Howell ACL-Friendly Shop Test Device
Optional for Howell SkiBindings — but suggested.
Howell ACL Friendly Shop Test Device (sm) validates, demonstrates, calibrates the ACL / MCL / meniscus-friendly function of Howell SkiBindings. ‘Relies on a combination of the standardized pre-set torsional release torque-setting, the given boot-sole length and the test-device’s ‘automatic’ transfer of potential injury-producing abduction-moments — to test the release-function any ski-boot-binding system for ACL, MCL and meniscus friendliness.
Recommended test-values are gender-specific.
Works by applying lateral force, by hand, to the numbered-section of the test-arm according to the data supplied in the special chart. See chart in photo gallery.
Testing can be completed in minutes.
‘Metallic-foot is fully-integrated.
‘Howell ACL Friendly Release Test Device is intended for ski shops — but can be purchased by shops or skiers — to test, calibrate or demonstrate the special ACL, MCL or meniscus friendly function of Howell SkiBindings. ‘Also useful for demonstrating how ordinary 2-mode alpine bindings have no possibility of providing ACL or MCL friendly skiing at any release setting.
(1) All three visual release indicators on each left and right Howell SkiBinding should be ‘pre-set’ according to the ‘Howell SkiBindings Recommended Release Setting Chart’ — which recommended lateral-toe and forward-heel pre-settings conform to ISO 9462 and ISO 8061. See chart in photo gallery. Boots must conform to ISO 5355 — the international alpine ski boot standard.
(2 — optional) Fine-tune the torsional release torque toe-settings using a torque measuring device such as the Vermont Release Calibrator by Vermont Safety Research (Vermont Safety Research is NOT affiliated with Howell SkiBindings).
(3) Set-up the Howell ACL Friendly Release Test Device with the numbered-section of the arm positioned over the top-rear section of the ski.
(4) Select the recommended ‘Transition-Point’ from the Howell ACL/MCL-Friendly Release Chart. ‘See photo gallery.
(5) Apply force by hand to the numbered-section of the arm as follows:
(5.a) Apply lateral force at a point that’s 4cm greater-than the chart-recommended Transition-Point — to cause lateral-toe release;
(5.b) Apply lateral-force at a point that’s 4cm less-than the chart-recommended Transition-Point — to cause lateral-heel release.
(6) If lateral-toe release or lateral-heel release does not take place as described in points #5.a AND #5.b (both) do NOT change the lateral-toe release-settings / do not change the forward-heel release-settings. Change ONLY the lateral-heel release settings — provided, however, that no change in the lateral-heel release setting is greater than 2 lateral-heel release-indicator numbers.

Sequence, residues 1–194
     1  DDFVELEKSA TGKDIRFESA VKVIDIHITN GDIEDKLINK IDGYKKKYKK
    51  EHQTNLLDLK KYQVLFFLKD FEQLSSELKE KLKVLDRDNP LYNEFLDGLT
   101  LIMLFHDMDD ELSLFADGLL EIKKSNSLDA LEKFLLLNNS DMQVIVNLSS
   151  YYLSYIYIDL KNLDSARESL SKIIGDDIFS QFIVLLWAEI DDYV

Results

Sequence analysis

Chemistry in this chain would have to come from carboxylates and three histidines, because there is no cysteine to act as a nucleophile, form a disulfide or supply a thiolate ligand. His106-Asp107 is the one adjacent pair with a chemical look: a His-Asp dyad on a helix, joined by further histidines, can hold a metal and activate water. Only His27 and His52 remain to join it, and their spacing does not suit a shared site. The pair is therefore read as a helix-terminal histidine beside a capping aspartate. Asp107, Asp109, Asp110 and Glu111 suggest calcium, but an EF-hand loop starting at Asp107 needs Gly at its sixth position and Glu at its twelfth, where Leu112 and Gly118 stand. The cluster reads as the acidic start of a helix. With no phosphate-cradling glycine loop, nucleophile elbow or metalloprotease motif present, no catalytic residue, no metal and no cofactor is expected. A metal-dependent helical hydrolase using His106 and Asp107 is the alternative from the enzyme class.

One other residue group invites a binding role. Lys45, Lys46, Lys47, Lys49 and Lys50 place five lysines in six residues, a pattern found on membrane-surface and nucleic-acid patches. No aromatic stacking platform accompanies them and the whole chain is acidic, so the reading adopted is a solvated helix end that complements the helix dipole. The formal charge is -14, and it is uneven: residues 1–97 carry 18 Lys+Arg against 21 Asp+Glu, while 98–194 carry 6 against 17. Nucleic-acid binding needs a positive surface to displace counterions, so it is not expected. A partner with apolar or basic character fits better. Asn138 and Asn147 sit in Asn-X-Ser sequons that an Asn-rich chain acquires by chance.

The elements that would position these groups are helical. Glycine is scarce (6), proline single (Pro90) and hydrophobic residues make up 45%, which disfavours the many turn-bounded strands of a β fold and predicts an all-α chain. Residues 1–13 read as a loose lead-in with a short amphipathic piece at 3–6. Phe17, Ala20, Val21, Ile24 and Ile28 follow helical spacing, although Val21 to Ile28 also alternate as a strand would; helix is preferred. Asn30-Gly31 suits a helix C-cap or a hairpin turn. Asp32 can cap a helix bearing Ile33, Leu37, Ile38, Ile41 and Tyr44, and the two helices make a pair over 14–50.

(7) If a change of more than 2 lateral-heel indicator numbers is required to cause the function described in points #5.a AND #5.b — a list of ‘Troubleshooting Actions’ is provided by Howell SkiBindings to satisfy the function that’s specified in points #5.a AND #5.b. (The few problems that arise are typically with the boot-interface ... and can be easily resolved ... for example, removing a mold-flashing on the boot sole.)
(8) If after applying the Troubleshooting Actions the functions in points #5.a AND #5.b are still not occurring — the binding, the boot, or both — are defective and/or incompatible.
WARNING: in the unlikely adverse-scenario #8 — Howell SkiBindings will still comply with ordinary 2-mode alpine binding function for tibia-integrity (according to ISO, DIN, AfNOR and ASTM standards) but ACL/MCL-integrity may be adversely compromised.
Using the Howell ACL Friendly Release Test Device is simple and fast.
Use of the Howell ACL Friendly Release Test Device is optional with Howell SkiBindings, but suggested.
Available now !!
Howell ACL Friendly Release Test Device is based on 19-years of intensive biomechanical research conducted by Rick Howell — peer-reviewed and approved by bona fide scientific research committees at major international orthopedic / engineering conferences ...